Congress, having gutted out the biggest stimulus bill ever, is busier than ever. That’s even with members scattering to the 50 states. For Virginia Sen. Mark Warner, much of the concern is nearby, with a lot of federal employees and defense contractors just across the river from Washington, D.C. Sen. Warner joined Federal Drive with Tom Temin for an update.
Insight by ProPricer: During this webinar James Woolsey, the president of the Defense Acquisition University, Frank Kelley, the vice president of the Defense Acquisition University and Michelle Currier, the professor of contract management at the Defense Acquisition University, will discuss the future of DoD contracting, pricing and acquisition. In addition, Michael Weaver, the professor of contract management at ProPricer will provide an industry perspective.
Tom Temin: And how are you faring in Lock down Virginia?
Mark Warner: Well it’s, like all of us in the DMV, challenging times. I actually thought that after the bill that passed last Wednesday night that the pressure might decrease. If anything, it’s increased. I think I’m working as hard, if not harder the last week as we try to get information about the bill out, try to figure out where we made a mistake, and you what may be coming next.
Tom Temin: And you have a particular interest in national security contractors have offered some remedy there. Tell us more about that one.
Mark Warner: Well, I think we got pretty good language in the bill itself for our contractors in the community to make sure that they would be reimbursed on sick leave, folks got affected by the virus, for folks who were quarantined. There was some question in the language. So I sent another letter to the acting OMB director today to see if we could get clarification and a little more guidance from them to make sure that our contractor community is not going to be unfairly hurt by the legislation. We also – what I’m particularly concerned about it is our national security workforce as well. If you work in a SCIF, if you work intel or DoD, there may be a lot of work that you cannot do from home so the ability to telework is undermined. And I don’t want that community to be lost. Having spent as much time as I have on security clearance reform where we’ve tried to clear the process, it still is timely and expensive. I don’t want that cleared workforce to go take other work during this downturn. So we’ve tried to protect that. I’m asking for this guidance from [the] OMB director, and what I also got in the bill that I’m not sure has received much attention, but there is $17 billion of direct appropriation, to the Treasury secretary to shore up national security needs. And while some of that may be going to some of the large enterprises, the Boeing[s] and GE[s], when I lobbied the Treasury secretary on this issue, you know, the very issue I pointed out was our intel and DoD cleared workforce to make sure that we don’t lose them. So I’m gonna be very active, hopefully. And in making sure that that program, which has not been stood up yet, is – takes advantage or protects that part of our community as well. And one other comment just, you know, on something that didn’t take place in some of the other stimulus packages. And we didn’t get this for the whole kind of lower-end contracting community. But we did get at least for some of the folks who served the meals and working the cafeterias at the Capitol that for the first time, they will actually be covered during this period when the Capitol’s closed. I will obviously want to make sure that extends to all the contractor community, we think contractors [as] normally high-end. But I think about the folks who serve the food and clean the bathrooms at the Smithsonian are all contractors and they’ve not been treated, I think, fairly in past efforts like this.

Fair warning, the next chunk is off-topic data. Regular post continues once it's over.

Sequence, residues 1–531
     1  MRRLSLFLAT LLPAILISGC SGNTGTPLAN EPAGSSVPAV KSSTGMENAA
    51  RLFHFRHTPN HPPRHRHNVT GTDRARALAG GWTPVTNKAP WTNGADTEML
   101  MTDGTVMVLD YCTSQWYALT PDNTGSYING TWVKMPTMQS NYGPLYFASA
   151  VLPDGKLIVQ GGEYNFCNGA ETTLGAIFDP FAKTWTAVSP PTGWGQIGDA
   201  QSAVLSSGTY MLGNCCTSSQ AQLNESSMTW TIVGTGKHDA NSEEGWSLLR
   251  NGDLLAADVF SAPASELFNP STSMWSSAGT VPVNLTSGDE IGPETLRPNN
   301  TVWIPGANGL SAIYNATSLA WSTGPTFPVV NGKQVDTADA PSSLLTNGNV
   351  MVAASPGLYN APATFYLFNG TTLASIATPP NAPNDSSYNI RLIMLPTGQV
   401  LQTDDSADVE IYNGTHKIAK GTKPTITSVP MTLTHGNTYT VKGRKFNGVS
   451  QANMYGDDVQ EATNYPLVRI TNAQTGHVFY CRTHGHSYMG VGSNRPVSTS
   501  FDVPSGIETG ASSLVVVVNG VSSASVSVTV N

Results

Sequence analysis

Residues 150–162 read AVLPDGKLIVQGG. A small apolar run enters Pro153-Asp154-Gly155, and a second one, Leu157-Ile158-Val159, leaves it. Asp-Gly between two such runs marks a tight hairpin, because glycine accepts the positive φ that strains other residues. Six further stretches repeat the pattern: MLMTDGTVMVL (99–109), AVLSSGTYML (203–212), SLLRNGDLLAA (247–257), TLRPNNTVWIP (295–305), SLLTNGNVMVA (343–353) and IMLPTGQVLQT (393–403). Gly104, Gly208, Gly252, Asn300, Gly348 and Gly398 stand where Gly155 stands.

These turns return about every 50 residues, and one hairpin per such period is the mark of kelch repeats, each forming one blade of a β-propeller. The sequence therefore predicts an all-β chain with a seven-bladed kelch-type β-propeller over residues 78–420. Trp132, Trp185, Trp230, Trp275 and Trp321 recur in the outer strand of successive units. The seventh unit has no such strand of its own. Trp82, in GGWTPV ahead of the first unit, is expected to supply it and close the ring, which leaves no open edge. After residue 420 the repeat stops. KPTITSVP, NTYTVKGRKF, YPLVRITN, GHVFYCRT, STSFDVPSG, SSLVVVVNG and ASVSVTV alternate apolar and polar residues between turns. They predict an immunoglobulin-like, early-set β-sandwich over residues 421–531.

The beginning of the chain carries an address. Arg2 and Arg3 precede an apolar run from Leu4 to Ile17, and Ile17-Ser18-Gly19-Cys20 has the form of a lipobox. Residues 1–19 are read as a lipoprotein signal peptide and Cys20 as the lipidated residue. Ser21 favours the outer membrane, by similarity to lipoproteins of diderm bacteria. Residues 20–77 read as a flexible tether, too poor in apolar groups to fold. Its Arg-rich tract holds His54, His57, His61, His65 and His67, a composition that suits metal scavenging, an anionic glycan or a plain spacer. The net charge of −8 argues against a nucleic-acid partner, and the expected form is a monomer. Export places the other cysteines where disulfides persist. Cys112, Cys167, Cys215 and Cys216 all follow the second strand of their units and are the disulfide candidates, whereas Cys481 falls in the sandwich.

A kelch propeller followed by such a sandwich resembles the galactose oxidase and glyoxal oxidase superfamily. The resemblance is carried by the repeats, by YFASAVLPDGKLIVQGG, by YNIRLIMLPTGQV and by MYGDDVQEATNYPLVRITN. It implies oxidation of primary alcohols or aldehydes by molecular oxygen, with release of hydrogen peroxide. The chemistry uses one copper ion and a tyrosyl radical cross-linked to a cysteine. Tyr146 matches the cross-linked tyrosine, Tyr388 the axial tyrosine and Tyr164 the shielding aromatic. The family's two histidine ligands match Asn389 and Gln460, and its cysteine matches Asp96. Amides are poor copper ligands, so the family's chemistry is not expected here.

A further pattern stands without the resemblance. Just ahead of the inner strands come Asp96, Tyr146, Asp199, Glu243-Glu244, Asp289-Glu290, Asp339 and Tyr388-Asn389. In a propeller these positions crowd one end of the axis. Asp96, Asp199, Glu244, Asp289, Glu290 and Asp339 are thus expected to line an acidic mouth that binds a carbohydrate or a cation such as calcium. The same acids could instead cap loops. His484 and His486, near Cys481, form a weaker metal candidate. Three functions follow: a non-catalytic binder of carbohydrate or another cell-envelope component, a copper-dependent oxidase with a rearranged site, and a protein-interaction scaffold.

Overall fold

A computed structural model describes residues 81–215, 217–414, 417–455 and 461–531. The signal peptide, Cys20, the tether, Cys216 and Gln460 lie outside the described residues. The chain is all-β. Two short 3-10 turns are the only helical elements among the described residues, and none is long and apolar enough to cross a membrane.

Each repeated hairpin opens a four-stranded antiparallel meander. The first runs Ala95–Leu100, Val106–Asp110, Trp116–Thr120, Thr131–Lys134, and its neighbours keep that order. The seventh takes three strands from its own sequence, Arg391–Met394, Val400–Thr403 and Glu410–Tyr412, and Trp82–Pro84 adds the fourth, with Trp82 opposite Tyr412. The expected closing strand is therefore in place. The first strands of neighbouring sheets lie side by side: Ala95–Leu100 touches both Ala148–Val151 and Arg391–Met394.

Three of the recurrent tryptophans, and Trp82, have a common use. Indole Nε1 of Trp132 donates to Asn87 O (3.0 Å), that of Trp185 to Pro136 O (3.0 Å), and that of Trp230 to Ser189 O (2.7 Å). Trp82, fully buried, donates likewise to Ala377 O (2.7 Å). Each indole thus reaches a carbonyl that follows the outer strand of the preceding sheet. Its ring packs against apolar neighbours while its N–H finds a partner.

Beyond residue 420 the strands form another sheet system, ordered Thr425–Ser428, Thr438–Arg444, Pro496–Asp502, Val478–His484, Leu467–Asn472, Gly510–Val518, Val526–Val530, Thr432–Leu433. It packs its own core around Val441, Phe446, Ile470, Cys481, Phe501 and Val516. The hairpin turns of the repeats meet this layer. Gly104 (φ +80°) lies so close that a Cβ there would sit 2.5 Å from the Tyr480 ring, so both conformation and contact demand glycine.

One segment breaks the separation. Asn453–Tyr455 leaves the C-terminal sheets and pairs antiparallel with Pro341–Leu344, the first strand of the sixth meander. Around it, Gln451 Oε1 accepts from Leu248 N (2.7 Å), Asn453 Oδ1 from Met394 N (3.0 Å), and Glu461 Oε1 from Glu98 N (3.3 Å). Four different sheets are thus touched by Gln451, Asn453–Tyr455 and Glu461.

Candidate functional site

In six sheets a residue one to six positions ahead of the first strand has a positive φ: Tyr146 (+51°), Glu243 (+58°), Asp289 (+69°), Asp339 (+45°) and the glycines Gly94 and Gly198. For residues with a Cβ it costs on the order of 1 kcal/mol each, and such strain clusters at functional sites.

Tom Temin: Sure, and talking about the national security contractors for one more moment. -I guess part of the issue there extends beyond Virginia and Maryland, and where all these contractor headquarters tend to be concentrated. And that is this vast supply chain, which is nationwide.
Mark Warner: Well, it absolutely does, Tom. The supply chain issues, the fact of a lot of our a lot of our national labs which, you know fall into the Department of Energy bucket. But much of the work on those labs is classified. And again, you cannot, if you’re working on Quantum, you may not be able to do that from your home. So, this is a workforce that, you know, some of the language was in the bill, out of the bill. We got pretty good language in there, but because there were some”mays” rather than “shalls,” I want to clarify that. And again, my – reserve here is that $17 billion of direct appropriation that, again, I don’t want it to all go to simply some of the largest players.
Tom Temin: We’re speaking with Virginia Sen. Mark Warner. And I wanted to ask you about the possibility of detailed follow-on bills. Yesterday, Sen. Cardin said there might be a fourth, fifth, sixth and seventh bill. Is that your thinking, also? And what are some of the other elements that might be in those?